In Qatar, cinema has sparked a brand-new revolution in pleasure and amusement. People like spending time with their families and friends in the many malls and movie theatres that are available nowadays.
In 1960, British documentary filmmaker Rod Baxter shot a video in Doha that details the process of pearl diving, which was at the time one of the primary means of subsistence in the city. The documentary covered several facets of Qatar’s growth and advancements in oil production. The French historian Georges Sadoul stated in his most well-known book, The History of Cinema, that this film can be considered the date of the birth of cinema in the State of Qatar, and it is an opinion shared by the majority of writers and historians of cinema around the world.
Important means of entertainment
The establishment of numerous housing complexes and camps for their employees, as well as a number of private clubs for oil industry workers in the city of Doha, along with the expansion of these companies’ areas of operation, particularly in places like Dukhan and Mesaieed, made cinema the only form of leisure time entertainment at the time. After the people of Qatar experienced it and discovered it to be a previously unheard-of kind of amusement, cinema gradually started to exert its impact, and it was only natural for it to grow. Before the end of the 1950s era, some of the significant members of the populace started bringing special 16 and 8-mm movie projectors to see Egyptian and Indian films in their private councils. A person named Beshara of Lebanese nationality who used to work for Sheikh Nasser bin Khaled was the first to take the initiative to bring film boxes from abroad in 1968
Establishment of cinema
Due to his passion, Sultan bin Saif Al Essa decided to rent a plot of land near the Al Majnoun roundabout’s eastern corner and construct the Al Andalus Cinema hall there. There were several chairs, a screen, and a projector chamber in the open theatre. The establishment of a public shareholding corporation for cinema under the direction and control of the State was requested by a number of prominent Qataris towards the end of the 1960s. The Qatar Cinema Company was founded after a conference of several businessmen took place at Doha Secondary School. To begin, two theatres were bought. The first chairman of its board of directors was HE Sheikh Jassim bin Khalid Al-Thani, and this is how cinema in Qatar got its start. They first started negotiating to buy Amir and Al Andalus cinemas, then Iraqi engineers were brought to design it, and this is how cinema in Qatar got its start.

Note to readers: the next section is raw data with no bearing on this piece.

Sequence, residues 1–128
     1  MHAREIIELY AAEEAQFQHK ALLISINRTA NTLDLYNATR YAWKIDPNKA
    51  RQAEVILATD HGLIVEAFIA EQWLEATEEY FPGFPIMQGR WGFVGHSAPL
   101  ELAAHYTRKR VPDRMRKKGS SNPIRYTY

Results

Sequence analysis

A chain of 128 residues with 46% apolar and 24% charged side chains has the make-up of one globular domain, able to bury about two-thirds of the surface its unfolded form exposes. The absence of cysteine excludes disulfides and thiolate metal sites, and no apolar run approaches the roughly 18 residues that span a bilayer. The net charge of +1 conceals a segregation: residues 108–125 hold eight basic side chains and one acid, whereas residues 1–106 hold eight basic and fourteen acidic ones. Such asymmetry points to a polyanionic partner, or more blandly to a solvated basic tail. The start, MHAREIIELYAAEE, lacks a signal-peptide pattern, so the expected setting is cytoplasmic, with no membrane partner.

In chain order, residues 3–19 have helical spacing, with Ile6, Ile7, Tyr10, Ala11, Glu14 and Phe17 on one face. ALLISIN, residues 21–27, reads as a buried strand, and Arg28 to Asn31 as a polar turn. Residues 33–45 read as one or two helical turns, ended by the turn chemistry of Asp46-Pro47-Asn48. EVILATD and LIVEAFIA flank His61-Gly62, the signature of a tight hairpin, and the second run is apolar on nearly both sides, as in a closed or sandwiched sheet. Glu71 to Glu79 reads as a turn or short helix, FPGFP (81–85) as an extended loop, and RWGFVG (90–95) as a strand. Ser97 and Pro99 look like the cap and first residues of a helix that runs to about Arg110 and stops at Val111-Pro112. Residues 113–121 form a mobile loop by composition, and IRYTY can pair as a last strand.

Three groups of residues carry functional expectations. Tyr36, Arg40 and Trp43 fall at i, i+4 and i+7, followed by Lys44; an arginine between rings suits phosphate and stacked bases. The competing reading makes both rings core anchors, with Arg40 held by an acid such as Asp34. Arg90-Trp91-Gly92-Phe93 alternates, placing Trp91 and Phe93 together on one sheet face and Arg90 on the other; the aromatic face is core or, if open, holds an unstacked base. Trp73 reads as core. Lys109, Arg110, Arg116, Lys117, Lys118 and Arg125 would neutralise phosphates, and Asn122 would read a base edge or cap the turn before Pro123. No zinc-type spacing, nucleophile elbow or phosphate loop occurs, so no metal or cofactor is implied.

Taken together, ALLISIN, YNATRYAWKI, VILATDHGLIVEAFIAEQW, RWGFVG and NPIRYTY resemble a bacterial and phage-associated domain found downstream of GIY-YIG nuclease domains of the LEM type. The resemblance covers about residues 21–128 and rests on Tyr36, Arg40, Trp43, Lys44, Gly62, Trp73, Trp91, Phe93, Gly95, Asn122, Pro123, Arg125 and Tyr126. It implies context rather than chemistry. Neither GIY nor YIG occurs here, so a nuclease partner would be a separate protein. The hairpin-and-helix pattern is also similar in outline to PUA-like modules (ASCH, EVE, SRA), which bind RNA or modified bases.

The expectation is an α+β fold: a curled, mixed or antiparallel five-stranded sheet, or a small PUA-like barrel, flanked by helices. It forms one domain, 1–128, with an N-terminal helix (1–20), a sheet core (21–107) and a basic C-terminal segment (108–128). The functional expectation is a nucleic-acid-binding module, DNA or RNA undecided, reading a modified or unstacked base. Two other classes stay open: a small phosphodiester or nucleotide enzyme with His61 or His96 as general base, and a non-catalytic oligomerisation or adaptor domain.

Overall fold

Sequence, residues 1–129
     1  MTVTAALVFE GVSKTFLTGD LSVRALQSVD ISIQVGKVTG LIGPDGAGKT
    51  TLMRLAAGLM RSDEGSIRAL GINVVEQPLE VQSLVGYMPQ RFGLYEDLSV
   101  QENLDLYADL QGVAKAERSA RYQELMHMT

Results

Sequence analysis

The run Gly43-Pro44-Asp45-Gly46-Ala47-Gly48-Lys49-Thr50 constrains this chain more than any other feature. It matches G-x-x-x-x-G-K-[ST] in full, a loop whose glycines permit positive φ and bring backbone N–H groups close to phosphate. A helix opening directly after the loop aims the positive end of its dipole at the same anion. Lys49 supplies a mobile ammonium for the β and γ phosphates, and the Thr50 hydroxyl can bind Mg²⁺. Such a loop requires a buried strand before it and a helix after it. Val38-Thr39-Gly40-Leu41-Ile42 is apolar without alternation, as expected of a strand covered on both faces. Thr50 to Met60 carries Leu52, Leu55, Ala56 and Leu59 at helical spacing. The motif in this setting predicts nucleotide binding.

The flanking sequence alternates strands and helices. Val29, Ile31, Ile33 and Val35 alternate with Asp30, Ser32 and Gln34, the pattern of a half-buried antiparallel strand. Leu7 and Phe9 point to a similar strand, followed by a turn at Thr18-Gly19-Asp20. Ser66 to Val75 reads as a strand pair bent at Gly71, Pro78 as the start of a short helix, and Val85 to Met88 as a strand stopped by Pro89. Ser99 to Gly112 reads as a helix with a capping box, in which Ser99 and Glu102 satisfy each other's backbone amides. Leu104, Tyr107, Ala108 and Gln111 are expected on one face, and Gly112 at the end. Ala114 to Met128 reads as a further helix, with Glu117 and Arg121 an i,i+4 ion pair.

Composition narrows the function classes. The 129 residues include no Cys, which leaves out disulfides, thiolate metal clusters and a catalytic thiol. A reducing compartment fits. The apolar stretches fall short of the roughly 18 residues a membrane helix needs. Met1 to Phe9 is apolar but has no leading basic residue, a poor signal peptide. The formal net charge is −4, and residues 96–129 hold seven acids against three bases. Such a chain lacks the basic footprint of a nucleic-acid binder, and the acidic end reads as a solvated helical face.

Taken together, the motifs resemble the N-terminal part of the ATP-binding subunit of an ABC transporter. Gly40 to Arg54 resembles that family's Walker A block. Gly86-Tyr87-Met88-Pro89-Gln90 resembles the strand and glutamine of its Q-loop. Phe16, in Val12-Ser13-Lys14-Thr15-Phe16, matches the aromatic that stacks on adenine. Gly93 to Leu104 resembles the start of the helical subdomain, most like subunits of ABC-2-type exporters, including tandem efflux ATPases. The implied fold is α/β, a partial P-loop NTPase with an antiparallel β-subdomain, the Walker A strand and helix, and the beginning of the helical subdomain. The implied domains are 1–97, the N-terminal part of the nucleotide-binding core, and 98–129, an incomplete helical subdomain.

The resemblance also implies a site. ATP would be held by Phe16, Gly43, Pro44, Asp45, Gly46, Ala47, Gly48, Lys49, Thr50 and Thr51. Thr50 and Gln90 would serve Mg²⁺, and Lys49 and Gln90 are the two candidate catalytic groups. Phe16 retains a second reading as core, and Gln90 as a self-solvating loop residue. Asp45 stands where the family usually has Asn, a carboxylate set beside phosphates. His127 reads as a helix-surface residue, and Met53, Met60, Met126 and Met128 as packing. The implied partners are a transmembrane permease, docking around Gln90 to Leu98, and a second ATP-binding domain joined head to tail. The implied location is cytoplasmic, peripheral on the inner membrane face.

The 1967 Qatar TV production Al Shiraa, which centers on the interaction between people and the wild sea and earned the Shalimar Award. In addition to Al-Dana, which received the Best Film Award at the Carthage Film Festival in 1982, also note the 1980 film Diving, one of the most significant films of that time period, which captured the specifics of the diving expedition and the pearl extraction. “Plastic Arts” (1985), is a colorful panorama that follows the career of several plastic art pioneers in Qatar, including Youssef Ahmed, the late Jassim Zaini, Hassan Al Mulla, and others.
Present-day cinema watching
The cinematic viewing movement in Qatar has grown significantly over the past three decades, changing from a vague and passive audience to one that watched international films on the same opening date as their international shows. In the decades, going to the movies has been a typical activity in the city of Doha. It peaked in recent years as several film studios from the area established operations in Doha. The Doha Cinema Institute is committed to fostering film enjoyment, education, and the development of a thriving, globally-focused, regionally-focused film industry in Qatar.